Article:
5 Powerful Questions Every Boss Should Ask Herself

What can I do to bring more happiness to my employees?

There is one aspect of my work that makes me so amazingly happy I feel blessed to be doing what I’m doing. I think this is an overlooked part that we don’t see because we are so busy with our own lives and careers.

We get to work with people who want to be happier.

You can probably say the same thing for at least 90% of your co-workers. Some of them probably want to stay miserable, but for the most part most of them want to be happier. Helping them bring more happiness into their lives is vital to growing your career.

The thing that makes my job fun is that happiness and productivity go hand in hand. A happy employee is much more productive than an unhappy one.

“A happy workplace can increase sales by 37%" (Martin Seligman from Psychology Today)

"A happy workplace can decrease burnout by 125%." (Harvard Business Review)

The hard part is harnessing this happiness. Employee happiness can feel so elusive

One of the most interesting questions I get from employers is how does work happiness improve the bottom line.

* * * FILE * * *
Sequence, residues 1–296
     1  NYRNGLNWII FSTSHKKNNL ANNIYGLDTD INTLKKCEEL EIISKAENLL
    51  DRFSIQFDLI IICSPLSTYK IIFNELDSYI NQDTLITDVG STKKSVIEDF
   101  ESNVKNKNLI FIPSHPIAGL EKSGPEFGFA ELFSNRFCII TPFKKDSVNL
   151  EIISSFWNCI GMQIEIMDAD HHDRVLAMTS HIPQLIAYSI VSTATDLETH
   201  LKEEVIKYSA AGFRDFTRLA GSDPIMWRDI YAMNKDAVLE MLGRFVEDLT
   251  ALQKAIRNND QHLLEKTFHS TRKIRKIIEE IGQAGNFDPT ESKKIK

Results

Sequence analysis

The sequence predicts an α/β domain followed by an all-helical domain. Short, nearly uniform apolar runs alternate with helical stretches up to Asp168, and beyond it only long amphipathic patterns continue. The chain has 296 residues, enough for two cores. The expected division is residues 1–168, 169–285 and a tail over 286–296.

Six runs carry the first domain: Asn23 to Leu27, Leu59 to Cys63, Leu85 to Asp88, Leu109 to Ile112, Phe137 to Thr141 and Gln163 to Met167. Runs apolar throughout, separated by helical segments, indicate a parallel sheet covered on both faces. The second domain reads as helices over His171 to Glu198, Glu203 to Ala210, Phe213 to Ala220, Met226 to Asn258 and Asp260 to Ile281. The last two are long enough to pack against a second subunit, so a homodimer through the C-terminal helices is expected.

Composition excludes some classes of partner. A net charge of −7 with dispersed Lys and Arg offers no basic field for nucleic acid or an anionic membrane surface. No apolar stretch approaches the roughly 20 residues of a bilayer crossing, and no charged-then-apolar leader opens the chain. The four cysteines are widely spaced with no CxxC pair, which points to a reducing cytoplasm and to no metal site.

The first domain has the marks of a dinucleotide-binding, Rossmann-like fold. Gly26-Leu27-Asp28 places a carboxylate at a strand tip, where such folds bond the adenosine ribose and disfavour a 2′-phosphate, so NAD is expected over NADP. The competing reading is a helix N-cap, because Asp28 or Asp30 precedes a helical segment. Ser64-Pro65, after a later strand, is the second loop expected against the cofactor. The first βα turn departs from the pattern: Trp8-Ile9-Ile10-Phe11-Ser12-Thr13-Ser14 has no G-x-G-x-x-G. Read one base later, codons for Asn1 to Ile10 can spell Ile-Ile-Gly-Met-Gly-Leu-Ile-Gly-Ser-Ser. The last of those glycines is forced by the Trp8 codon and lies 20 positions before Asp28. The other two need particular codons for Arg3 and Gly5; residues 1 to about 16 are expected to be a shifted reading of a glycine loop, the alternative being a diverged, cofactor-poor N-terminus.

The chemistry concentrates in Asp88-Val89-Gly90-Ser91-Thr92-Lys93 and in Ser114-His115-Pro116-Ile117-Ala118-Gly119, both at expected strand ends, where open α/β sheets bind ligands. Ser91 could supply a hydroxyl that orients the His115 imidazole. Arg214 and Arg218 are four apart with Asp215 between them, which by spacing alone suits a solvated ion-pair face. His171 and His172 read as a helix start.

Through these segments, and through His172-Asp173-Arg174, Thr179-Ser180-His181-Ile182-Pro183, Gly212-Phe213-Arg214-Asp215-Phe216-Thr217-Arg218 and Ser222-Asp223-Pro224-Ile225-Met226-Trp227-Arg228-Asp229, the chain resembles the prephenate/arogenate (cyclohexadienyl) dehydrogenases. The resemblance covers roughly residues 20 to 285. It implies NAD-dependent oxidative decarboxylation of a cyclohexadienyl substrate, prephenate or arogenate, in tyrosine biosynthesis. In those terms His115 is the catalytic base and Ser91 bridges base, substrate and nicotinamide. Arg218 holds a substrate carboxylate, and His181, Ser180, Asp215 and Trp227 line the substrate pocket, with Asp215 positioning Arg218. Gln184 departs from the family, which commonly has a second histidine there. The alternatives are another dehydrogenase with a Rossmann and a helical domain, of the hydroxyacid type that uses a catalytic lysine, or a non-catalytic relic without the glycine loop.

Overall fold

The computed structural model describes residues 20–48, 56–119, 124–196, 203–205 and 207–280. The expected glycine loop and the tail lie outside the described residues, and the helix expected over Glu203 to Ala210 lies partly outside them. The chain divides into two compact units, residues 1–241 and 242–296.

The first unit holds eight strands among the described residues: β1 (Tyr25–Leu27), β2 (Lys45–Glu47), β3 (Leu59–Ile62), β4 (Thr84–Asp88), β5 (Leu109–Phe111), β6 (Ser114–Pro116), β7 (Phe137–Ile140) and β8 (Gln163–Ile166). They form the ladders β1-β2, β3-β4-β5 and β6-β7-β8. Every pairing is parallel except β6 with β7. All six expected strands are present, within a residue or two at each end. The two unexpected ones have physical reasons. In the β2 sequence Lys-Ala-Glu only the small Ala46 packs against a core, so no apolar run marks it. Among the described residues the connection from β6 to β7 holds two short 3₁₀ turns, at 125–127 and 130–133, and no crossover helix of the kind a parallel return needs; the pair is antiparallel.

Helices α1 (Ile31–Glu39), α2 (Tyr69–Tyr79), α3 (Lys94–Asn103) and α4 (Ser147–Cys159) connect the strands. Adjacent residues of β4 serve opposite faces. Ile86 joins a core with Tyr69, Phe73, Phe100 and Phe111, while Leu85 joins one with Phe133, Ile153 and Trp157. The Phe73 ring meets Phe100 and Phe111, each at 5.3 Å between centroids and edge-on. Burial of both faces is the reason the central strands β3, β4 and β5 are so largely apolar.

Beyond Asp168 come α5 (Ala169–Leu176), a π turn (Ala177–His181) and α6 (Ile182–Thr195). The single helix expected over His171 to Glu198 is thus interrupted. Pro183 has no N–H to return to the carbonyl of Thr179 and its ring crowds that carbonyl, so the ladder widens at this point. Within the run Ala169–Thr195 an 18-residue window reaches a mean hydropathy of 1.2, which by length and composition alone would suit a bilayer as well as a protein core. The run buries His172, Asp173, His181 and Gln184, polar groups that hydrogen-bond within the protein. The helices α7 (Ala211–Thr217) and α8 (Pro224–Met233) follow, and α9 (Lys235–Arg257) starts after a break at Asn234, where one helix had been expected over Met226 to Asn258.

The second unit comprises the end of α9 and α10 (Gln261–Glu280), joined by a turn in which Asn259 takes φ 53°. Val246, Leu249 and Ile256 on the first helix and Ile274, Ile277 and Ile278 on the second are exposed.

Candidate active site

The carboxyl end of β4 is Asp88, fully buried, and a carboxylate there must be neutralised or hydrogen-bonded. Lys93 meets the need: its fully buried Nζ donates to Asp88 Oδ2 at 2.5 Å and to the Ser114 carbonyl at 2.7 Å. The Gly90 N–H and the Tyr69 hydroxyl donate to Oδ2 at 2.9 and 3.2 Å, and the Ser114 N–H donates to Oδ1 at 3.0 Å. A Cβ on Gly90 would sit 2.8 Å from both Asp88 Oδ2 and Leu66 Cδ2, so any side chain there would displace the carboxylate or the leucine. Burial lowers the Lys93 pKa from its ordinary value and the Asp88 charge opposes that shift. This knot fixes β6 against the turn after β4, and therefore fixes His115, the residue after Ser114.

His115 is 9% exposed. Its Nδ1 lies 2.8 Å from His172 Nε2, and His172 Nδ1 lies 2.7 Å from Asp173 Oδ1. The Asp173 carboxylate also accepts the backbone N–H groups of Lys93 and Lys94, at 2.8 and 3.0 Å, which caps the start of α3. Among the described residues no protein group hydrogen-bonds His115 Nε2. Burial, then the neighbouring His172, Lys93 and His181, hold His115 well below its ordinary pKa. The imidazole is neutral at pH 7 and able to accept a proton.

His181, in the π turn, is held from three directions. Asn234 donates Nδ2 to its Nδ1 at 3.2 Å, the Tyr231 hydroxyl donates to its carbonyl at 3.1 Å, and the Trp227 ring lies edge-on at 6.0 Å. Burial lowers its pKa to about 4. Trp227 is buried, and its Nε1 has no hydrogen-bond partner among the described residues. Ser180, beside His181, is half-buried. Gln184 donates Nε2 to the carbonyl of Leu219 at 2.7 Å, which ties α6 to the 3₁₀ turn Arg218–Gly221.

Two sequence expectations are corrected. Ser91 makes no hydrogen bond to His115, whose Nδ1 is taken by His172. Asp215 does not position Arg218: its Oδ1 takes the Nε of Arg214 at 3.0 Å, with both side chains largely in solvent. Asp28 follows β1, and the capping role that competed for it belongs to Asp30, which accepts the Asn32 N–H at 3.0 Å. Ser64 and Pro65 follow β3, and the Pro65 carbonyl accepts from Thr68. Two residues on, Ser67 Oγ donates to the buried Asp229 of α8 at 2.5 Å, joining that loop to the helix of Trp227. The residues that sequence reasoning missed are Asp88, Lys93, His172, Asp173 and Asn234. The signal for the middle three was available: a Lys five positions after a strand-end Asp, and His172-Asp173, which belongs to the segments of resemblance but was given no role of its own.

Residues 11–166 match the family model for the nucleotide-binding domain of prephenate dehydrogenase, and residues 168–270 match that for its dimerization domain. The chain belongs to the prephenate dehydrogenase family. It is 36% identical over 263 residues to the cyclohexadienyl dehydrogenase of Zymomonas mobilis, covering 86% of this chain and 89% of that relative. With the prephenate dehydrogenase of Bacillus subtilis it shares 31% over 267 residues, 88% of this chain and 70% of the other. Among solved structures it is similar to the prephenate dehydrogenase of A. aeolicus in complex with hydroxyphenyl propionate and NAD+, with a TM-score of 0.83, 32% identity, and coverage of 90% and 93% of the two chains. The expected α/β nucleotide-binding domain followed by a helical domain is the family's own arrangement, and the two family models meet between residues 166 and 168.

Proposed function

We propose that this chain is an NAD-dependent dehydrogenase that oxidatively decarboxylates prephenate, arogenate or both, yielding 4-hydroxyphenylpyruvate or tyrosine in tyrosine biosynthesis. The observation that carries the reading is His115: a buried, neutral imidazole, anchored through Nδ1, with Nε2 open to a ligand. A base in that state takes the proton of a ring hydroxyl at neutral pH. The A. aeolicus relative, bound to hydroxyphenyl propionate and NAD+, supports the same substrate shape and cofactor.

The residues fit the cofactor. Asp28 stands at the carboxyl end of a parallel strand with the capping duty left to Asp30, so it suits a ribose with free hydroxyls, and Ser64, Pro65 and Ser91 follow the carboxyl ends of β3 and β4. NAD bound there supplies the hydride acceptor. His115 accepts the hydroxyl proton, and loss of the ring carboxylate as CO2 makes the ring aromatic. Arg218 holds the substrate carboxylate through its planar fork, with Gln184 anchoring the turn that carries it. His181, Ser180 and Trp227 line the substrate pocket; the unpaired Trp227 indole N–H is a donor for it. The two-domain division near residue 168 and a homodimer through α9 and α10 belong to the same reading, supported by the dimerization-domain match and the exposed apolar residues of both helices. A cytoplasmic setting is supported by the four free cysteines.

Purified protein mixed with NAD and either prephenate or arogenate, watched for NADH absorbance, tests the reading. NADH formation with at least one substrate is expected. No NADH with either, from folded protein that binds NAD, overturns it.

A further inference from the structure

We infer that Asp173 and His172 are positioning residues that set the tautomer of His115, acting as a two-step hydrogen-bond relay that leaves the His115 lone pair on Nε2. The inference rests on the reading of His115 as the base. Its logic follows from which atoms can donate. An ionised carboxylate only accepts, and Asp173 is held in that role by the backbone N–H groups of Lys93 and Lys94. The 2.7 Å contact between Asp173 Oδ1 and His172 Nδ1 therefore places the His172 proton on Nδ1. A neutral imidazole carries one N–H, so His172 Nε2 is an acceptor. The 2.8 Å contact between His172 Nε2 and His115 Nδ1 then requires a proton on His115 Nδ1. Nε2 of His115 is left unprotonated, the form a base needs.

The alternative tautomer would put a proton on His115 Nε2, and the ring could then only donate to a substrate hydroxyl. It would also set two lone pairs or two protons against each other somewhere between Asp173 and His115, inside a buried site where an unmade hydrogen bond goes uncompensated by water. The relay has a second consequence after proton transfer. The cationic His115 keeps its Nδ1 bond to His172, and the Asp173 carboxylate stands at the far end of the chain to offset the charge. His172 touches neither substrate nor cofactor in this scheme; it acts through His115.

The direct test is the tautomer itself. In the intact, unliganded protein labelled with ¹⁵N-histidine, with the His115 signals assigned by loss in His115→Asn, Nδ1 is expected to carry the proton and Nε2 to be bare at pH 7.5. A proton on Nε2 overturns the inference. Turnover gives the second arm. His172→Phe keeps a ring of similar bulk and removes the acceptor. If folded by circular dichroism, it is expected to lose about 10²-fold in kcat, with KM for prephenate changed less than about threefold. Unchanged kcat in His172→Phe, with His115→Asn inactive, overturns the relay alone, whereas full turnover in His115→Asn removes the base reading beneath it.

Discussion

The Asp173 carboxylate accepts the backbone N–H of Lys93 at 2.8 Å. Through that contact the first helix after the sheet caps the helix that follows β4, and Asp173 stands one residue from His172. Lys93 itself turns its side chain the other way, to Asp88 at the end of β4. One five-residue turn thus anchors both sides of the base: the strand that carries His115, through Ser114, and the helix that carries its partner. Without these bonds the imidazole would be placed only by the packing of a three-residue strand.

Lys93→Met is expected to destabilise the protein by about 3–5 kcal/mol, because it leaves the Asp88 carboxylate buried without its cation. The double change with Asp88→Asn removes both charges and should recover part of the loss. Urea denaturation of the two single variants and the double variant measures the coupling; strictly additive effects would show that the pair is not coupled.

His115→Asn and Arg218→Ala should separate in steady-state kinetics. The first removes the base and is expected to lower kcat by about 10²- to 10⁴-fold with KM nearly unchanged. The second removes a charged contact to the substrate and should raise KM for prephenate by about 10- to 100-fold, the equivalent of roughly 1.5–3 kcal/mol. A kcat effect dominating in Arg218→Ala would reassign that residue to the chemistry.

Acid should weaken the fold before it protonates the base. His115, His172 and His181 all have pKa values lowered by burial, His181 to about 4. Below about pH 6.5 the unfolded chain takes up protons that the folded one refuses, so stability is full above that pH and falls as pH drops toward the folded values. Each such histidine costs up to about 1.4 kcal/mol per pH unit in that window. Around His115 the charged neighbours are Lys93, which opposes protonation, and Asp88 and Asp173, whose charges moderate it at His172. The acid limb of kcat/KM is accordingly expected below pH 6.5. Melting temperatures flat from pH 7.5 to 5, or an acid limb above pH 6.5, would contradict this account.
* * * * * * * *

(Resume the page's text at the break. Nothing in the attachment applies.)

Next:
ROI is important, I get it.

You want to make sure that employees are happy, but you also want the best results for your business.

Quick Story

I had a friend who works for an amazing company. They follow many of the work happiness rules, they give free drinks and candy to employees, they have a slide, they bring in speakers, and they give their employees a flexible work schedule.

The problem is they fall in the same trap that most technology companies do. They want happy employees, but they don’t work on the fundamentals. The stuff that shows employees that their work matters a lot and empowers them to create better results. Employees want to see their hard work matters. They want to see progress.

If your company is just throwing great perks at you then your company culture will suffer. They must give tools to employees that want to improve the company.

You give me a piece of dark chocolate and I’ll be happy for a few minutes, but then I’ll go back to my normal mood. It’s a quick fix for the moment, not a long-term solution.

"Happiness is the joy that we feel on the way to living our potential." Shawn Achor

Improving your happiness at work is not a quick fix. It’s long-term thinking that helps employees feel happy and stay happy. This is where progress is vital to every employee.

Does your company keep doing the same things over and over to try to bring more happiness to your workday?

Little Steps

What really needs to happen is working with employees’ emotions to help encourage them to build better relationships, do work that matters to them, and improve their results. There are no quick fixes when it comes to emotions. It all starts with listening to employees and their opinions of what needs to happen to improve the company.

This concept has been going on for ages. The blacksmith that encourages an apprentice to share his ideas with him is someone that learns from his apprentice to make his business better.

I call this the Flying V.